Monday, March 19, 2012

Shereen Hassanein - Be Heard!

"In ten years I want to have a Masters degree and be working on a Doctoral degree" was what 17-year old me told my high school guidance counselor. I stumbled upon this interview  about 9 months ago as I cleaned out my belongings at home and packed my car for the 850 mile drive over to Terre Haute, Indiana to start working on a Master of Science in Student Affairs and Higher Education. Though neither one of my parents had received any kind of formal education, education was a value that they both instilled in me and higher education became a passion of mine.


When I enrolled at Rutgers, the State University of New Jersey, I was fully aware of my status as a first-generation college student. Prior to starting in the fall I attended a summer bridge program, which was a stipulation attached to one of the grants I was receiving in order to help pay for my college education.  I came from from a low-income background, so for my family a college education was means toward a high paying job and a better life.  My parents expected me to study pre-law or something business related. They were quite surprised when I announced that I was double majoring in Journalism and Media Studies and Middle Eastern Studies. They told me that Journalism was a leisurely career meant for the rich and that I'd never get a job in politics, but I was too stubborn to back down. While I agree that college is a means to a better future, that is not the only purpose that a college education serves. For me it turned out to be so much more than that.


When I started at Rutgers I lived in a Special Interest Section called Latin Images. Latin Images is a student-run organization as well as a housing option for students that are interested in learning about Latin American culture. I lived there for the majority of my time at Rutgers. My last two years there I was the president Latin Images. This role allowed me to work closely with Residence Life staff at Rutgers, learn about their job functions, and learn about Student Affairs. My role with Latin Images also afforded me the opportunity to become a student leader, a mentor and role model to those in that community, build an inclusive community on the floor, plan and implement dozens of programs, branch out into other communities and build long-lasting relationships.


When I left Latin Images to become a Resident Assistant, it was because I wanted to create that same welcoming and inclusive community elsewhere on campus. That year I also became a mentor through the Rutgers Future Scholars Mentor Program, a student leader in two more organizations, and a Teaching Assistant for class for incoming Resident Assistants. I already knew that I was passionate about education, but I discovered that I was also passionate about helping others.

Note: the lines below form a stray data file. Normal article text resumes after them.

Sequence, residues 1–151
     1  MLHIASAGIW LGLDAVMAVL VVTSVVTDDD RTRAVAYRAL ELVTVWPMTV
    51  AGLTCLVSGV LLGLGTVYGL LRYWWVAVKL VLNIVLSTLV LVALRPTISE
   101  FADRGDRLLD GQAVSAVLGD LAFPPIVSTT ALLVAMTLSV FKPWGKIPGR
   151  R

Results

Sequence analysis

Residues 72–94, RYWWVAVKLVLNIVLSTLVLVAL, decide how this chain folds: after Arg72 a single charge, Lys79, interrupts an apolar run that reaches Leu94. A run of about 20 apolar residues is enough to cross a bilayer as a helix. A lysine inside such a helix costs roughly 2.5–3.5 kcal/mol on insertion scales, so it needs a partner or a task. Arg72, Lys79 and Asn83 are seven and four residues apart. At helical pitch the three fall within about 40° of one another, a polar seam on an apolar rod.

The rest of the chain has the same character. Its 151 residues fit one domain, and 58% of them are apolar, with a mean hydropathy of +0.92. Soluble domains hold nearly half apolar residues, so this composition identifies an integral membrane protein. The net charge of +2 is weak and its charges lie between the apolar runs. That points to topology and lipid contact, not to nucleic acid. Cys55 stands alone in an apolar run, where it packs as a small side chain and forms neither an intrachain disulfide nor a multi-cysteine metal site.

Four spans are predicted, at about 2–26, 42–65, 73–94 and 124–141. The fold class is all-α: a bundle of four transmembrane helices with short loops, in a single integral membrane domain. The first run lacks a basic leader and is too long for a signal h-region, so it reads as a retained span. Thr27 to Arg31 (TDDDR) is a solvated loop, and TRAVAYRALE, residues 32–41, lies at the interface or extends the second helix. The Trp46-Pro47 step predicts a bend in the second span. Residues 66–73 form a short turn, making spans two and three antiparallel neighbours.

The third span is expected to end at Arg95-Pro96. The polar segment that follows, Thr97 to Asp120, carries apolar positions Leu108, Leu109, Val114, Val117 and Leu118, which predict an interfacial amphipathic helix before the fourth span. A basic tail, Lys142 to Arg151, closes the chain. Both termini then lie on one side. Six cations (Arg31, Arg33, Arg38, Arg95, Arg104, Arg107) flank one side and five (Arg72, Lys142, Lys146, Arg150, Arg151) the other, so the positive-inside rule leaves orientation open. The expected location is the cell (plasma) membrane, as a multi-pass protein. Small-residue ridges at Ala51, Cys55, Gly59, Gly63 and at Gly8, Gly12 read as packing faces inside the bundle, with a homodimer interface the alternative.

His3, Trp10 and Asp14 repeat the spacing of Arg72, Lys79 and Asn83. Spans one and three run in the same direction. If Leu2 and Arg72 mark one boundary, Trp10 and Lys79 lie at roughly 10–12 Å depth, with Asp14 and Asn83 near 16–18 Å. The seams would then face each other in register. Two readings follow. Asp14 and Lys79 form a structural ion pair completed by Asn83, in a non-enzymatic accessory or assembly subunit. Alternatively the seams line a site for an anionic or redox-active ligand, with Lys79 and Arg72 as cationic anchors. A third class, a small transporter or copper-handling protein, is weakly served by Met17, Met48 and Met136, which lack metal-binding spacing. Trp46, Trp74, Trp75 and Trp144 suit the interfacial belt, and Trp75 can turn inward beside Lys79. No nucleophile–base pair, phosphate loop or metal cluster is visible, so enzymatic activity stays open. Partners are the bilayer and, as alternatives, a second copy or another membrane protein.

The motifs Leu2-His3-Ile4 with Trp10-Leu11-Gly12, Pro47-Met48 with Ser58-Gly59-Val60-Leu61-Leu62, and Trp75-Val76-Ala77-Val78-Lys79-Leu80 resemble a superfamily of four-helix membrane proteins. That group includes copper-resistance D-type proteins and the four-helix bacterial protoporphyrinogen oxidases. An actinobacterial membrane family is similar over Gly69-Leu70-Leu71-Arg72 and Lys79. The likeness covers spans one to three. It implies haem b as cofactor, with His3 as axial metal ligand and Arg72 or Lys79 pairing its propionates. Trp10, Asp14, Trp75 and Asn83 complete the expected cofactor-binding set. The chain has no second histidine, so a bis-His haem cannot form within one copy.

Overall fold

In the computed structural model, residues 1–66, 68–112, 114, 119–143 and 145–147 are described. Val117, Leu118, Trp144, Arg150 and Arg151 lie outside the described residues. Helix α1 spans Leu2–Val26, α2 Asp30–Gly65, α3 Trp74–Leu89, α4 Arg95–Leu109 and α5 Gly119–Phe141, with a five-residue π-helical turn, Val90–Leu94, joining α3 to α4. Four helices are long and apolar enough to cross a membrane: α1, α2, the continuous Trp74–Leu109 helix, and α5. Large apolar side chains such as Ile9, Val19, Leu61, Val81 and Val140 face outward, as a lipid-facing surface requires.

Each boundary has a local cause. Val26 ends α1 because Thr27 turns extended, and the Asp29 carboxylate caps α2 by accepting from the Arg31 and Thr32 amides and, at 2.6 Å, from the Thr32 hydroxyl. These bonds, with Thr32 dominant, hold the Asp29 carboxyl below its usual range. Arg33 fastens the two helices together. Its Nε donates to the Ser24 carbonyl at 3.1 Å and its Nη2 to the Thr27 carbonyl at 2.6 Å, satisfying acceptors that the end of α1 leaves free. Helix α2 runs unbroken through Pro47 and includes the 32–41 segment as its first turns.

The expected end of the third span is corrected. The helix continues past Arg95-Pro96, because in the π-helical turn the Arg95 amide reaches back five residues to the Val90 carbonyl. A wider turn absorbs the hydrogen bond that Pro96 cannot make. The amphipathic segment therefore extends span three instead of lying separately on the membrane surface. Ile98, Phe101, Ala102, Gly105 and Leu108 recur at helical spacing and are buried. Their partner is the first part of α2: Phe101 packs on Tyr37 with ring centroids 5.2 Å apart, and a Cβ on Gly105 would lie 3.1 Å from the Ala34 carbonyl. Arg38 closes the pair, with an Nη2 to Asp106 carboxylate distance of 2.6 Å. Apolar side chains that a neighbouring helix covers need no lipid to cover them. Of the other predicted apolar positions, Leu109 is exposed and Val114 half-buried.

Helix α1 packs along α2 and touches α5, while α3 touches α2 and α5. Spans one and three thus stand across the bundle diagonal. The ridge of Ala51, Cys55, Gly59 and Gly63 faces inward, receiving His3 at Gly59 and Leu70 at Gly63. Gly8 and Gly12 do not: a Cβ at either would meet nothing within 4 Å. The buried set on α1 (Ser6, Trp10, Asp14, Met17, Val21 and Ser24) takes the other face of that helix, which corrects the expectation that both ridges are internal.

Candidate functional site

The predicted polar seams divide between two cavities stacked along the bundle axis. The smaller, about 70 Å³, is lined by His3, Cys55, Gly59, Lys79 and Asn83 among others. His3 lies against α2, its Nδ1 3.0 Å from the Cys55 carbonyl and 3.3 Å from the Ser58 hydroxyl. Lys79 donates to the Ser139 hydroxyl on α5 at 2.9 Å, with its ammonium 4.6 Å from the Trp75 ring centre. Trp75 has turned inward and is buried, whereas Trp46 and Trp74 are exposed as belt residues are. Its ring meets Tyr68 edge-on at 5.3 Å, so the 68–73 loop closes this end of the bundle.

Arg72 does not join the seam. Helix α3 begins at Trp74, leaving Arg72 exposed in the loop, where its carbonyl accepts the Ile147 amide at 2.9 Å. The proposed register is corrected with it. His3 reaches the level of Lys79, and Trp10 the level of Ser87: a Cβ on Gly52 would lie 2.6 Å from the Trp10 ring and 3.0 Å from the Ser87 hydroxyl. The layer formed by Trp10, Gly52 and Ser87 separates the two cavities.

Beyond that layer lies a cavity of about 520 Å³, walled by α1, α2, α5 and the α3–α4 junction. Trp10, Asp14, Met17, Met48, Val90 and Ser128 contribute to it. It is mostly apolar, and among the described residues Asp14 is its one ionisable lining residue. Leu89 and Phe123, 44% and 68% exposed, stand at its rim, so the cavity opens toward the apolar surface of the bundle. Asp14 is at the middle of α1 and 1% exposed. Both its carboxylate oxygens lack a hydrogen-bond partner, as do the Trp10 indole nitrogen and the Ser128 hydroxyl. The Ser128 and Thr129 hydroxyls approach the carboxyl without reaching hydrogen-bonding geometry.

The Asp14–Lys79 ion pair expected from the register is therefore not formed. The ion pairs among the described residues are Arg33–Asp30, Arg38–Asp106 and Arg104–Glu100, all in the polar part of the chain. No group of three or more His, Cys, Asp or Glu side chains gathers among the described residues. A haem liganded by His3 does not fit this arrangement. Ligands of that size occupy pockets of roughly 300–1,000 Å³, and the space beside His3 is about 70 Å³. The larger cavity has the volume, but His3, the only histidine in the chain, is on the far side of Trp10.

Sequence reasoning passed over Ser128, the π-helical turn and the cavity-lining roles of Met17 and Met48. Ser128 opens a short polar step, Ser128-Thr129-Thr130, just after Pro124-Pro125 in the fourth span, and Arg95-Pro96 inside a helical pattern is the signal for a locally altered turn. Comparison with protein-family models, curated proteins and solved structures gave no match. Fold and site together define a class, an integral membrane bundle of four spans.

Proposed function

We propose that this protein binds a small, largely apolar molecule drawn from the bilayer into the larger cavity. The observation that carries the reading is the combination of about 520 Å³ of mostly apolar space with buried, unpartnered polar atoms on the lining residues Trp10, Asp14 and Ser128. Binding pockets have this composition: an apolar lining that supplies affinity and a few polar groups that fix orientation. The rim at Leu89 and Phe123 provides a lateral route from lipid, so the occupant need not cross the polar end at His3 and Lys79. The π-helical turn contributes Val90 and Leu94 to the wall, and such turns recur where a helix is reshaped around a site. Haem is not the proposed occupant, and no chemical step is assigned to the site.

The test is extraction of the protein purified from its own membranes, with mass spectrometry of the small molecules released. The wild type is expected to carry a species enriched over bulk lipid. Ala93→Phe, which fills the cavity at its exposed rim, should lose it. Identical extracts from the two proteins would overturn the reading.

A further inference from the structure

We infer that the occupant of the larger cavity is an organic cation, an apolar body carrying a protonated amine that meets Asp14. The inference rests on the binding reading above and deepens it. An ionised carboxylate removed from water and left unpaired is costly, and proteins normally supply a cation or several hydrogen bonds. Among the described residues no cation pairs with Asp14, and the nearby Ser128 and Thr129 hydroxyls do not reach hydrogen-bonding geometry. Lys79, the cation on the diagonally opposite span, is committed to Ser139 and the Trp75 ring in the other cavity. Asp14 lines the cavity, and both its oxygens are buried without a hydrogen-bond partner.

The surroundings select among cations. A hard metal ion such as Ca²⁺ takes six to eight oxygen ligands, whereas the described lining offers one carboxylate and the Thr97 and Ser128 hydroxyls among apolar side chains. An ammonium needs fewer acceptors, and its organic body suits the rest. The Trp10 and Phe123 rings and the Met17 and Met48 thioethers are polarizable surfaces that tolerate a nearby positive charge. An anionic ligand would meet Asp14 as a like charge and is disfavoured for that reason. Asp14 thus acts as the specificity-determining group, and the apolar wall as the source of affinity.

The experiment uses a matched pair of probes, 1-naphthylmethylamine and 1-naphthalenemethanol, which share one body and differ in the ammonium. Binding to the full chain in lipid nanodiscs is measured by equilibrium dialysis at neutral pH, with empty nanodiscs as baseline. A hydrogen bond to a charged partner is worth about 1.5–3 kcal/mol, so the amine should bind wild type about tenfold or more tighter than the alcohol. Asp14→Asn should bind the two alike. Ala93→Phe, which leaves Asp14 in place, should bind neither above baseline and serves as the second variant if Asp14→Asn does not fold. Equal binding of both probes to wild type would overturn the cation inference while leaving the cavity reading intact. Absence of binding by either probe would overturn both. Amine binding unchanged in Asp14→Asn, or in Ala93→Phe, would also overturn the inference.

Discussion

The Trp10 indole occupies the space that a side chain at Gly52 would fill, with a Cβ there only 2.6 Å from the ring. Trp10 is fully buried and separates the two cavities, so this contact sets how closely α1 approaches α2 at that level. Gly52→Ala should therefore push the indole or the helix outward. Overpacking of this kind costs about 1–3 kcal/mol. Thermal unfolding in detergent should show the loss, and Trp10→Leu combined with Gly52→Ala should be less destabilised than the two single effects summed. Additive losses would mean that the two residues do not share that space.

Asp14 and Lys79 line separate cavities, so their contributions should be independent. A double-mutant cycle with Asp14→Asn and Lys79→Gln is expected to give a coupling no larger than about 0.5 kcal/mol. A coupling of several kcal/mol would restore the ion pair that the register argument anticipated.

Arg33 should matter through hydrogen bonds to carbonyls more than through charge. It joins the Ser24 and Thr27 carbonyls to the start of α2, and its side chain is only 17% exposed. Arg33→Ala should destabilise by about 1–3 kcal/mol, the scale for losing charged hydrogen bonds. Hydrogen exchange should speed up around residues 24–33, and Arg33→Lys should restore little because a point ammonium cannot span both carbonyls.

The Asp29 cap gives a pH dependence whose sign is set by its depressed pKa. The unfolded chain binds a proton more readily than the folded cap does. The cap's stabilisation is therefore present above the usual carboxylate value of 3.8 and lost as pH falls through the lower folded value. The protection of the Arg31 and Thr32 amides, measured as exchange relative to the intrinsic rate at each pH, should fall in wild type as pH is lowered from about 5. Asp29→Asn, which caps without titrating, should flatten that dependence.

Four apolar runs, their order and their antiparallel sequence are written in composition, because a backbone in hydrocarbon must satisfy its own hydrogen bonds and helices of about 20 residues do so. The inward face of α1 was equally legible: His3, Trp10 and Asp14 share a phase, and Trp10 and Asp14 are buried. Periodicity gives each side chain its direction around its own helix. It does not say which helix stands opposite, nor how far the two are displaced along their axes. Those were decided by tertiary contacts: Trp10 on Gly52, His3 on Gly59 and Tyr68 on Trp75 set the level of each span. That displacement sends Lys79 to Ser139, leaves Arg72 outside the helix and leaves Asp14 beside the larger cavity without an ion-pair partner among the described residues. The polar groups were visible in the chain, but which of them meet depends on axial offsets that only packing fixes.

I knew that I wanted to get into the field of Student Affairs, but I could not have done it without the many mentors and role models I had along the way. From my Resident Assistant to my advisers and my Supervisors, these Student Affairs Professionals and Paraprofessionals were nothing but helpful and and fiercely supportive of me, especially during the graduate school application process. I hope to be that same kind of support system, mentor, and resource to others along my journey in Student Affairs. After all, what would we be without the people who believe in us more than we believe in ourselves?


2 comments:

  1. Shereen,

    "What would we be without the people who believe in us more than we believe in ourselves?" I love that quote! So true!

    It was neat to hear about your undergraduate experience, and it puts things in perspective for me, and really illustrates how similar and different our backgrounds were, simultaneously. Very different family lives and expectations, but similar on-campus leadership roles and experiences.

    I think it's great that you want to pass along that idea of support and mentorship, and no doubt you already have. Often the best mentors come from individuals who have been in exactly your shoes--and you can be that mentor for first generation students in a way that I will struggle with.

    Thank you for sharing your story!

    Jason

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